Our theoretical review examined the relationship between composition and various art forms (Hengeveld, 2015; Laurel, 1993; Vallgårda, 2014; Vallgårda, 2015; Wiberg & Robles, 2010) and identified how designers could apply the underlying structures of performance composition to Interactive Systems within the domain of HCI. However, to compose dynamic materials and forms that go beyond purely the system’s expressive qualities and instead allow for more subtle reciprocal qualities (Bruns et al., 2021), we devised three design levels summarised as (a) Physical (Inherent, Sensory), (b) Perceptual-Motor, and (c) Psychological.
Structure and pattern become a unifying force between the levels; as Dewey (1934) put forward, “an experience has pattern and structure, because it is not just doing and undergoing in alternation, but consists of them in relationship” (p. 45). Thus, pattern serves as an interface between art forms, as both plays and music employ distinct repeating structural patterns, e.g., using “themes and motifs” (Laurel, p. 88) and through emotionally mediating the contexts where emotions are felt on a psychological level (Lehne & Koelsch, 2015, p. 2). On a physical level, textile theorist Igoe (2010) identifies the inherent and sensory properties of soft materials such as textiles that express the pattern that defines their structure. Closely coupled sensing and actuation capabilities of weave, knit, and print can demonstrate the “powerful qualities of pattern” (p. 6) for more complex soft systems.
Using Aristotle’s theoretical framework, Freytag (1863) recognised recurring patterns in dramatic structure such as plays and novels to develop the model “Freytag’s Triangle” (Laurel, 1993, p. 82). To assist designers in developing a deeper level of interpersonal relationships (temporal and reciprocal) between humans and material-oriented systems, we adapted this structure to create the tension-and-release model (Figure 11), which allows designers and researchers to visualise the patterns between the physical, perceptual-motor, and psychological through specific signals (e.g. cues/props, rejection/acceptance, modality/form changes). However, it is essential to emphasise that the designer-researcher should not strictly adhere to this model. Instead, new patterns can be devised between the physical, perceptual-motor, and psychological towards a shared vocabulary between interaction design, material science, and MOD. In turn, the model can be adapted for more complex interactions between people and systems in terms of time and reciprocity.
Given that time and temporality is the structuring force of how and what we encounter, we bring forward tension-and-release mechanisms that change in time (see Figure 11). For example, on the physical level, smart materials transition from static to dynamic states over time, changing in modality or form. And, as defined in our methodology, using a MOD approach, Material Tinkering is a design process that serves the physical level by allowing for a variable flow of dynamic stages between different static stages of materials. Designers visualise design transitions through the dynamic representation of material properties, such as stretchy to sturdy, whilst on a perceptual-motor and psychological level terms such as build a relationship of trust (Group SIMON) and unravelling the interaction (Group qurv) relate to the reciprocal relationship between the human and the system over time. In turn, reciprocal connections such as mutual respect are established. Our analysis demonstrates that designers can use timing mechanisms such as pacing, speed, tempo, frequency, and transitions to generate patterns for user-system experience and serve as a framework for communication between the physical, perceptual-motor, and psychological levels.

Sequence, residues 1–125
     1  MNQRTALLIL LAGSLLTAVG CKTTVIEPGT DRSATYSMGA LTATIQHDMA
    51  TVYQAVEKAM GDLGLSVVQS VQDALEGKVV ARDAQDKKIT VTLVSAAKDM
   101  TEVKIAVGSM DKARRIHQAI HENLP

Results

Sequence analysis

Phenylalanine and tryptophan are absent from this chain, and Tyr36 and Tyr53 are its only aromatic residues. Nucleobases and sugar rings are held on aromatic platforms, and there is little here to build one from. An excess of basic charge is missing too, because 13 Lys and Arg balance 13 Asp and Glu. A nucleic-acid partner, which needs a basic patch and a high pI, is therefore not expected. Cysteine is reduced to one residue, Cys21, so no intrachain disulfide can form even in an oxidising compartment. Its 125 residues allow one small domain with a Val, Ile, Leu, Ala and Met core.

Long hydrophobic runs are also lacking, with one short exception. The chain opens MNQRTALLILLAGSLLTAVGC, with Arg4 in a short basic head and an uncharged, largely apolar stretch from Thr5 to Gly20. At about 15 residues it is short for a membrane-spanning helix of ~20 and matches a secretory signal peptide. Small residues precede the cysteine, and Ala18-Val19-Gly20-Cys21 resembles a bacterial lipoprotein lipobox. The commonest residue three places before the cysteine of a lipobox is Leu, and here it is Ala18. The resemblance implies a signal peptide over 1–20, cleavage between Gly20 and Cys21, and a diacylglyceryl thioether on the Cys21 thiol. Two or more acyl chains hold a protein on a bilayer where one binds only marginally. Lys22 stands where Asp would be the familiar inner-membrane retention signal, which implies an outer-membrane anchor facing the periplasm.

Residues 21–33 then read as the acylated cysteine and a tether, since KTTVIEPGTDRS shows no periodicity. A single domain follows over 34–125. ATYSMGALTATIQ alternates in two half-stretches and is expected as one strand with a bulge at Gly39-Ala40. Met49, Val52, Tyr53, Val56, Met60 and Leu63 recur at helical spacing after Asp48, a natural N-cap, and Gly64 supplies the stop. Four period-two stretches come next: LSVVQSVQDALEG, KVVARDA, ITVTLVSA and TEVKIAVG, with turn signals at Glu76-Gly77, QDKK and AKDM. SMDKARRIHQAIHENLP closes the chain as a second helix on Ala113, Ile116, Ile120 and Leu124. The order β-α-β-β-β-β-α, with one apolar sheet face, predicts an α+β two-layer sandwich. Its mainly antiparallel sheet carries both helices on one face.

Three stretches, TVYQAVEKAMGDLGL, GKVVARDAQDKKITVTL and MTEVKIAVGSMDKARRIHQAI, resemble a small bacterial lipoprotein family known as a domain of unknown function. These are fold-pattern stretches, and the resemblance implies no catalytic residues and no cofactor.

Phrasings such as builds-up, anticipation, and shakes violently all hold a direct connotation to catharsis and, according to Aristotle, can be interpreted as predominantly negative, i.e., the power of tragedy on the audience such as “pity, fear, and terror” (Laurel, 1993, p. 121). However, it can also be positive, for example, catharsis is not directly concerned with the emotion itself but with the pleasure from the release (p. 121). Laurel explores this concept through theatrical performances, films, and physically interactive experiences such as rollercoasters, earlier recognised by Norden as the “thrill of fear” from “expectant tension” (Norden, 1980, p. 71). Thus, catharsis holds a therapeutic value, where the user can experience a sensory, embodied, and emotional cathartic “release” (p. 72).
“Cathartic Objects” (Luria et al., 2020), for example, focuses on robotic technology beyond utilitarian uses that employs various soft materials to trigger various destructive behaviours, inducing catharsis in the user. A synergistic effect of tension-and-release on a physical, psychological, and perceptual-motor level is contextualised within a well-being application. Here, for example, emotional release (see Table 1) is linked to a need to relieve unconscious conflicts at the start of the interaction. At the same time, anticipation is the emotional charge that fuels catharsis (see Figure 11). Designers may elicit catharsis on a physical level via careful coordination across modalities (Taberham et al., 2018) and material properties and structural changes, e.g., stiffness modulation or state-change (see Figure 11).
Conflict & Resolution